In Florida, state law enforcement authorities investigate securities crimes involving violations of the “Florida Securities and Investor Protection Act” found in Chapter 517.
The most common charges include the following types of violations:
- §517.07 for the registration or selling of securities
- §517.12 for the registration of securities dealers
- §517.301 for securities fraud
Most violations can be charged as a third degree felony. Each instance of selling a security might result in three separate violations so having one case with dozens of charges is not unusual.
Many prosecutions in criminal court are triggered by an administrative investigation of the Florida Department of Financial Services, Office of Financial Regulation (OFR) with the Bureau of Financial Investigations. If you receive correspondence about such an investigation, immediately seek an experienced criminal defense attorney who can handle the civil and criminal side of the investigation.
Attorneys for Securities Crimes in Florida
The attorneys at Sammis Law Firm protect clients facing prosecutes for various white-collar crimes, including securities crimes. Related offenses include aggravated white-collar crime, organized schemes to defraud, racketeering, and grand theft.
We are familiar with how securities crimes in Florida are investigated by financial investigators with the Florida Office of Financial Regulation (OFR) and the Bureau of Financial Investigations.
Defenses in these cases involve showings that the instrument is not a security or that a statutory exemption applies.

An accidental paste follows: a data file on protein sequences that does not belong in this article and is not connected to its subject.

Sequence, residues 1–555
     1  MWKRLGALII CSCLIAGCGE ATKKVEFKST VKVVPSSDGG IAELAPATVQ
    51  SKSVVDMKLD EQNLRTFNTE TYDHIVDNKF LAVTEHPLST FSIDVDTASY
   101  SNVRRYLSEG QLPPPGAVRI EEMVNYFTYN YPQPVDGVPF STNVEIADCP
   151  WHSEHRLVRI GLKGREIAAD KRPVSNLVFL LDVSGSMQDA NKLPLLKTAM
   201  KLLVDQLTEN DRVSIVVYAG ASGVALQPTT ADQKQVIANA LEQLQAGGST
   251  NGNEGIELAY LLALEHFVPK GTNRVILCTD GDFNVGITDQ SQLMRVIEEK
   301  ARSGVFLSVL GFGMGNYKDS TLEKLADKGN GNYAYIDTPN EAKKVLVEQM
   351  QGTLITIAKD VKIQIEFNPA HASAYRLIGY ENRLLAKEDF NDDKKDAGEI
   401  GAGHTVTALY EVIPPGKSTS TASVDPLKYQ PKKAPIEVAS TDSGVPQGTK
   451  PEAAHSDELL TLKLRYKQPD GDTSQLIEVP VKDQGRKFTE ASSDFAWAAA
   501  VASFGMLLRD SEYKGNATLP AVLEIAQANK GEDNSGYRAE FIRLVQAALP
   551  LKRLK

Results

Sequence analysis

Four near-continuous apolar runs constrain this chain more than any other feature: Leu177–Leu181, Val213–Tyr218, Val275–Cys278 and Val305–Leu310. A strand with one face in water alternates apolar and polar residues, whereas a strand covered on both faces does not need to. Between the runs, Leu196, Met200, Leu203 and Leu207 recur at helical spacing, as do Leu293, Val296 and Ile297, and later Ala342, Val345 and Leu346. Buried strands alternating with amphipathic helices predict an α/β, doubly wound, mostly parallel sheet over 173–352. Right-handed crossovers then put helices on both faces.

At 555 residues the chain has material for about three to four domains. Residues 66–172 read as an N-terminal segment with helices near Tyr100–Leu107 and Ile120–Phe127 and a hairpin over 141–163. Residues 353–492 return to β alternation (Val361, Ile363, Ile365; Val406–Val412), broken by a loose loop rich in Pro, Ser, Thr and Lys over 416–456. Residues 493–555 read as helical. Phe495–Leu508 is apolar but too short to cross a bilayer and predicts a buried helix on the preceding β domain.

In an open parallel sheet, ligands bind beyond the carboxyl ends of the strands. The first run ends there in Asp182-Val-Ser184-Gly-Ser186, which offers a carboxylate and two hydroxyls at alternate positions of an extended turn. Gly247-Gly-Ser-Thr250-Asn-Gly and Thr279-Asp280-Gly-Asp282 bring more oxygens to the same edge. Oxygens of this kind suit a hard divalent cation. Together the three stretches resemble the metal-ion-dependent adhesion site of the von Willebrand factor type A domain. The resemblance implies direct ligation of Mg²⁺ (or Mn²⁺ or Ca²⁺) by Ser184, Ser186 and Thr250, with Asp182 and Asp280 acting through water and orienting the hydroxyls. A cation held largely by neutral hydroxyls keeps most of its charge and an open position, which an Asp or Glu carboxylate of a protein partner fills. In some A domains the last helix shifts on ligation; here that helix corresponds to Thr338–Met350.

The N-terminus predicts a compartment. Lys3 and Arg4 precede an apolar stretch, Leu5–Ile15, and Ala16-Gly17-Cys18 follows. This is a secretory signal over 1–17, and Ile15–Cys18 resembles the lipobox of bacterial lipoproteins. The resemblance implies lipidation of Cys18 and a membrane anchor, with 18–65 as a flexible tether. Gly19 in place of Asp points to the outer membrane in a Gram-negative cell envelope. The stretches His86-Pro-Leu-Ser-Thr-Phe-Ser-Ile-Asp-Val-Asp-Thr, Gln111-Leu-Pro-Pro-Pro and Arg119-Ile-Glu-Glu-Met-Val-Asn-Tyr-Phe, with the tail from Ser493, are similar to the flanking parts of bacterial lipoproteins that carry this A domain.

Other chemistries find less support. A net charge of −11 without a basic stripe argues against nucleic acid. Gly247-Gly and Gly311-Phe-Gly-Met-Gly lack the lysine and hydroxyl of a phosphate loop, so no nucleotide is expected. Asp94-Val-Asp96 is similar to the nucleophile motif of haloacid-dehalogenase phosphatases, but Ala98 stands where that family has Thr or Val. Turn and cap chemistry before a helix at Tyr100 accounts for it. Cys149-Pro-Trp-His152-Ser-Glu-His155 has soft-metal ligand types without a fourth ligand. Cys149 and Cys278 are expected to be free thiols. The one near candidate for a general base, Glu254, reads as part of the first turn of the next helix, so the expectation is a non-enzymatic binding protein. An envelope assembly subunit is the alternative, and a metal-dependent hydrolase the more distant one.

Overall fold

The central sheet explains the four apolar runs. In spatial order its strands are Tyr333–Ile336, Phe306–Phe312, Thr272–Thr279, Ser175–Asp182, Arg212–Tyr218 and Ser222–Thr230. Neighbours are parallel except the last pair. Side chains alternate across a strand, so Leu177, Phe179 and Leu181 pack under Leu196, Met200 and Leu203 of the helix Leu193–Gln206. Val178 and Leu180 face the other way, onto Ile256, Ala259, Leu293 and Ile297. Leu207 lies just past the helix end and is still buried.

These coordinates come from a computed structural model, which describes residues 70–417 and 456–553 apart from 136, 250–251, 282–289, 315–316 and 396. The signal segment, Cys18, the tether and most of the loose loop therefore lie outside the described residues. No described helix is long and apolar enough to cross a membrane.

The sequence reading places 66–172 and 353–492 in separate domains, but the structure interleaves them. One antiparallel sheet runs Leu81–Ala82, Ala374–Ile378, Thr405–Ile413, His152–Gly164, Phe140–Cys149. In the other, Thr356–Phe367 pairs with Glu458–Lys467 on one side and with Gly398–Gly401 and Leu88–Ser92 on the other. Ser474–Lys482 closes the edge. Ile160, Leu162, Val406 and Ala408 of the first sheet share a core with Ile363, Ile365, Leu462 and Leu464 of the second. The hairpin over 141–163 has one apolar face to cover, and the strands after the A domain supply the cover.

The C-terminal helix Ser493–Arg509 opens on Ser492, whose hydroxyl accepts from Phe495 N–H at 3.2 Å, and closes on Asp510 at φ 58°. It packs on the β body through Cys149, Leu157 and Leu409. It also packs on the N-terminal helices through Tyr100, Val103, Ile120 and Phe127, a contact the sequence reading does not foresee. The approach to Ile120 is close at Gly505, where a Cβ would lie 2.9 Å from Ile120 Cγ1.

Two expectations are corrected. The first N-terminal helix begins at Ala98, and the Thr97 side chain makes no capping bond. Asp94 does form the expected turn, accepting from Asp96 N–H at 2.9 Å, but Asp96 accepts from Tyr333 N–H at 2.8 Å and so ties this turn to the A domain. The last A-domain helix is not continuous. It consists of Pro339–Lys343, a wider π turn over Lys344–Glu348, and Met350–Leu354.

If you are under investigation for violations of Florida’s Securities and Investment Laws under Florida Statute Section 517, contact an experienced attorney in Tampa, FL, at Sammis Law Firm.
Definition of “Security” and Exemptions
All criminal securities prosecutions depend upon the existence of a “security,” as defined by statute and case law. The issue in many of these cases is whether the particular instrument in the case meets the statutory definition of “security.”
Florida Statute Section 517.021 defines a “security” to include stocks and bonds, as well as “notes” or “investment contracts.” Under the right conditions, even a promissory note might fall within the statutory definition of “security.”
The court might use the “Howey test” when defining a security. In Securities & Exchange Commission v. W.J. Howey Co., 328 U.S. 293 (1946) the United States Supreme Court identified the following factors to determine whether an investment is a security:
- an investment of money;
- in a common enterprise; and
- an expectation of profits to be derived solely from the efforts of another.
Numerous exceptions are found in the Florida Securities and Investor Protection Act. Exemptions include situations in which securities do not have to be registered o9r the person selling securities does not have to have a license.